The reality of the first world war is far from glorious says MP Jeremy Corbyn
David Cameron announced a "celebration" of World War I in front of a painting depicting stagnant pools of fetid water where many soldiers breathed their last. He has no sense of irony, says MP Jeremy Corbyn.
Last Friday St James's church in Piccadilly was full for the launch of No Glory - a campaign to bring some reality to the government's commemoration of World War I, which will take up £55 million of our money next year. The most poignant part of the evening was the I Maestri and the London Musical Arts Orchestra playing Vaughan Williams's Lark Ascending.
This is not just a brilliant piece of music, which puts huge pressure on the violinist who does much of it as a solo, it is also extremely moving given its context. Williams was a soldier in the first world war and during the breaks between mutual bombardment by allies and German forces soldiers could hear the larks singing above what were once their happy feeding grounds of wheat fields in northern France and Belgium. Their songs were then immediately extinguished by yet another round of industrial warfare, as high-velocity shells rained down on soldiers in the trenches on both sides of the mayhem.
The concert also included powerful poetry from Kika and Sonia Markham, concluding with Billy Bragg putting music to a Thomas Hardy poem about two soldiers in different uniforms, the same age and similar in other ways, shooting each other. The event was extremely moving for everyone there, and is the kind of way we should be commemorating World War I.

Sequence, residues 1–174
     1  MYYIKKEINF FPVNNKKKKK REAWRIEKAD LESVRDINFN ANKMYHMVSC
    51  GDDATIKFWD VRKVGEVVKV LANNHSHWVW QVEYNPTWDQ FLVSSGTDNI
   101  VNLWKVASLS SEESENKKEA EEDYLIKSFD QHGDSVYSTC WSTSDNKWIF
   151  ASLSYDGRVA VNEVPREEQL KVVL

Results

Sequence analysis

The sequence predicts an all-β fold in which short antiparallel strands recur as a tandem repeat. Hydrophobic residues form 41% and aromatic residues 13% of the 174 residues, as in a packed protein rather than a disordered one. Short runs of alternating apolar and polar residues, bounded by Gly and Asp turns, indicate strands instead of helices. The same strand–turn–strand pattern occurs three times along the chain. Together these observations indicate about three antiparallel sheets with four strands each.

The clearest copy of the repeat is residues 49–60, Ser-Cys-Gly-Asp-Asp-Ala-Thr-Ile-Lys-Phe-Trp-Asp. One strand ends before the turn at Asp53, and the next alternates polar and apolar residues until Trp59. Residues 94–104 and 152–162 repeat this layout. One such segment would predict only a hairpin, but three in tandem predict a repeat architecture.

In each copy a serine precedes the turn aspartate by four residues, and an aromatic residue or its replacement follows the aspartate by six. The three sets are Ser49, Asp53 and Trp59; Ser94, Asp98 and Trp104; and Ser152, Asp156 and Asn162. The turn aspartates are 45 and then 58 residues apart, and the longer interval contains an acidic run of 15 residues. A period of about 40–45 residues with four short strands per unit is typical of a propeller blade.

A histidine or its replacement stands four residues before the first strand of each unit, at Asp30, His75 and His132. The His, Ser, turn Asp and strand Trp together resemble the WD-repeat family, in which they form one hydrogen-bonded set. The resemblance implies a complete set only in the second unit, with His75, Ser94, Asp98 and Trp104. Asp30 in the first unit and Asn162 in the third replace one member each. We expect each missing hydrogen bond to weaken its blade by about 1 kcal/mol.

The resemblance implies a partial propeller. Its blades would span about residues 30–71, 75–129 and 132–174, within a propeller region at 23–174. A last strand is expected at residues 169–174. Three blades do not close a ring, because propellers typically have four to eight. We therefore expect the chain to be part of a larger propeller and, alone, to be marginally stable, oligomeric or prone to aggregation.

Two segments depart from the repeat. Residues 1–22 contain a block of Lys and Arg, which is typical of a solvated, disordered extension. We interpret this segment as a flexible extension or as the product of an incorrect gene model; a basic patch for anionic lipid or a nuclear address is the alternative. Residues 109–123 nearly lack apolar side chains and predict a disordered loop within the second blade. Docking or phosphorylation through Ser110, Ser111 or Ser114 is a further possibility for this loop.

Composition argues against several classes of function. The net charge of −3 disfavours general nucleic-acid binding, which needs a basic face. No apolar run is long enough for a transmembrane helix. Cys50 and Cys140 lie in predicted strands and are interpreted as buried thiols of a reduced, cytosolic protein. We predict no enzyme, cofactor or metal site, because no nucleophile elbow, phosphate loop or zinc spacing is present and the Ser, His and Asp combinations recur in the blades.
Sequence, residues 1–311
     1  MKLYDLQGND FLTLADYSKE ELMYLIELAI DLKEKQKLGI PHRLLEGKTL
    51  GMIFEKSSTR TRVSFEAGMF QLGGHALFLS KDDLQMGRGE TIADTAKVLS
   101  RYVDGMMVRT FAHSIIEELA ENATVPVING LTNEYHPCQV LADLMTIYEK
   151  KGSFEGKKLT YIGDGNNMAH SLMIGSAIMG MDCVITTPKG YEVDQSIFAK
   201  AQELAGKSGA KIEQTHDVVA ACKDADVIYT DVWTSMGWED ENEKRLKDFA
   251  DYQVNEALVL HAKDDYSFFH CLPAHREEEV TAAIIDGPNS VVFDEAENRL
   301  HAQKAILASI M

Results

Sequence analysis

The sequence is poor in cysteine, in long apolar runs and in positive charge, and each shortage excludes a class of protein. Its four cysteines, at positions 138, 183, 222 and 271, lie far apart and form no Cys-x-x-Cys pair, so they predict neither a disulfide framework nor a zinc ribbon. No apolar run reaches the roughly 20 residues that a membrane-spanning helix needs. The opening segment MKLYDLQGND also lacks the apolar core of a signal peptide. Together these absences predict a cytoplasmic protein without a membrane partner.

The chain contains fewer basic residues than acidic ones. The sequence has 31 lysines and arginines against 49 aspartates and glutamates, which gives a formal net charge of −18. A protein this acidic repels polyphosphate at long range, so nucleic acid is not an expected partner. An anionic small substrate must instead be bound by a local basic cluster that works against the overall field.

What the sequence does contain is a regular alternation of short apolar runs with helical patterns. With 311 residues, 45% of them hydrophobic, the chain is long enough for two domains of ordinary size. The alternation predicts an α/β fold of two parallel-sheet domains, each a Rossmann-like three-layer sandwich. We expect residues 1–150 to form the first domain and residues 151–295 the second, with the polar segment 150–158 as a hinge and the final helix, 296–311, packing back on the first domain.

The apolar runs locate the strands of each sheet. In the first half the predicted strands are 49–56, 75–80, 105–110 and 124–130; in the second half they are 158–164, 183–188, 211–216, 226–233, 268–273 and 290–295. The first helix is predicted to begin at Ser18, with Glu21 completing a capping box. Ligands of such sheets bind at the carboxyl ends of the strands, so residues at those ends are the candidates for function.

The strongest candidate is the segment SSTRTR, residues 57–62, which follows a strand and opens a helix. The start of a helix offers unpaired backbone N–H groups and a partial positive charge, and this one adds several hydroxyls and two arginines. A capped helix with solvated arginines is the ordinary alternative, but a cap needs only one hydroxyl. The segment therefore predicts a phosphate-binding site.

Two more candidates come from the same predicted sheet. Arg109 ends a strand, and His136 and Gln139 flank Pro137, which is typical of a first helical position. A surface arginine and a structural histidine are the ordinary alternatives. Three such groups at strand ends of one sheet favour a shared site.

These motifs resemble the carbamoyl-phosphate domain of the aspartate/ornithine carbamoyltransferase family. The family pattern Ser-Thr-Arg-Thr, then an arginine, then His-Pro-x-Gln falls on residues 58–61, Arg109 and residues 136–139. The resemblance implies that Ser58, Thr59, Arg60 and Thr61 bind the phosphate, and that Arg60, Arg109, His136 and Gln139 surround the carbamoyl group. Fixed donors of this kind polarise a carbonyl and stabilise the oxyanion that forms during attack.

The Prime Minister, in launching the government's huge commemoration events planned for next year, rather bizarrely claimed that he was aiming to celebrate Britishness and the national spirit.He is clearly a man who doesn't do irony or have much understanding of artistic history. He was standing in front of Paul Nash's painting Menin Road as he made this statement.
The painting is a depiction of utter destruction with ruined buildings, barbed wire and stagnant pools of fetid water where many soldiers breathed their last. It depicts Passchendaele, but it could just as equally have been any of the thousands of places along the western front that were destroyed during the war.
World War I was, at one level, a battle between empires. On one side of the divide were the British and French empires, on the other were the German and Austro-Hungarian. Their rivalries both for colonies, markets and commercial supremacy brought Europe to war in 1914. Interestingly JL Hobson's mammoth work on imperialism published in 1902 predicted a European conflict as a result of the competition for empire.
David Cameron seeks to present the war as the British empire succeeding over all the others. I don't expect he will pay much attention to the enormous anti-war movement that existed on both sides in 1914.
Working-class communities did not wish to destroy working-class communities in another country just because they were of a different nationality. Indeed, in 1914 there was a huge movement against the war, and the government was forced to introduce conscription in 1916 having already seen hundreds of thousands of lives taken in the first few months of the war. This figure then stretched into the millions as the war dragged on.
In commemorating the war we should remember those conscientious objectors and opponents of the carnage and also perhaps try to learn something from the conclusions.
The modern war machine was born during the first world war. Industrial munitions and aircraft took over from cavalry and rifles. The consequences of the war were far-reaching.